The cases, which challenge different aspects of the state’s Bay-Delta plan for the San Joaquin River tributaries, include a lawsuit filed by the California Farm Bureau.
Chris Scheuring, senior counsel for the California Farm Bureau, said the suit, scheduled to be heard Sept. 25 in Sacramento County Superior Court, challenges adoption of the plan and claims the state’s environmental review document underestimates the harm the plan would cause to Central Valley agriculture.
“The big plan is to put in place this water quality control plan, so a water quality overlay onto a major chunk of the San Joaquin River system for those three rivers that would purport to constrain water rights in the name of water quality, which is legally not a precise fit,” Scheuring said, adding that water quality law in the past has addressed pollution issues.
“This is important statewide because this water quality control planning process, if validated, is probably going to move to other river systems, so it’s coming to a watershed near you,” Scheuring added.
Affected water right holders, he said, are aware that working with the state and other interests is the way to solve these issues.
“We’ve always said that the problem is much more multifarious than just throwing water at it by a regulatory process in which the state agency says get the water back in the river,” he said. “Farmers are just as interested as anybody else, and probably more so, in solving fisheries conflicts.”
As litigation continues, the state water board took its first action on the Bay-Delta plan in more than five years last week, adopting biological goals for flow objectives to support salmon in the San Joaquin River tributaries.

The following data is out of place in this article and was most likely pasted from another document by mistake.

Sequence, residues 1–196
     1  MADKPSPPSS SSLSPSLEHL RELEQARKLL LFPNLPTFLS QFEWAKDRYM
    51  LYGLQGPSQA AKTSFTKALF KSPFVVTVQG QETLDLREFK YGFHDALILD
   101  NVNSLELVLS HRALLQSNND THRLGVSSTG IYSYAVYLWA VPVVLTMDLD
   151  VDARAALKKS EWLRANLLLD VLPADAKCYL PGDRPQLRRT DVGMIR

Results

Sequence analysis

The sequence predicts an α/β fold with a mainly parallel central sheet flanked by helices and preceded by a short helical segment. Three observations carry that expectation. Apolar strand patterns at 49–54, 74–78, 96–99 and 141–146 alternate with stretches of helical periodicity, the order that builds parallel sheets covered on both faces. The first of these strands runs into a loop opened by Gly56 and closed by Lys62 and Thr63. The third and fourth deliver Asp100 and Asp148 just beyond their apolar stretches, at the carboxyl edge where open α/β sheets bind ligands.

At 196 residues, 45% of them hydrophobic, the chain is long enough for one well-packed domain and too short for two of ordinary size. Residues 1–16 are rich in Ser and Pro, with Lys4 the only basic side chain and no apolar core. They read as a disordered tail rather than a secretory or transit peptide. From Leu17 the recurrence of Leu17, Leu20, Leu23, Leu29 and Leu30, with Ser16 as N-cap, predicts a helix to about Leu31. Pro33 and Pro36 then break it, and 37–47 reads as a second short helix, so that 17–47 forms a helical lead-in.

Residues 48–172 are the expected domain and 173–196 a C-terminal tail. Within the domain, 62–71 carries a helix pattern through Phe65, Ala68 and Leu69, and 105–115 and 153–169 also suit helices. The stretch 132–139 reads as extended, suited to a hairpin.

Stephen Louie of the state water board’s division of water rights, said the biological goals are for salmon abundance, productivity, diversity and population spatial extent, distribution and structure.
He said the goals are not regulatory but serve as metrics for monitoring and assessment. Once established, the board may use the goals to measure the effectiveness of the flow objectives and other aspects of the Bay-Delta plan.
Thomas Berliner, an attorney representing the Merced Irrigation District, addressed the state water board last week, encouraging the board to delay a decision to adopt biological goals.
Berliner noted the board resolution states that addressing water rights is an essential part of the Bay-Delta plan and meeting the biological goals. But he said, “There has not been any water rights proceeding.”
Williams of MID said the district is considering legal options on the board’s approval of biological goals, adding the goals are not consistent with amendments of the Bay-Delta plan or state law.
“Despite the state water board’s disappointing action,” Williams said, “MID remains committed to the voluntary agreement process as we firmly believe it is the best chance to provide balanced, comprehensive solutions to address water quality concerns in the Bay-Delta and its tributaries, including the Tuolumne.”
(Christine Souza is an assistant editor of Ag Alert. She may be contacted at firstname.lastname@example.org.)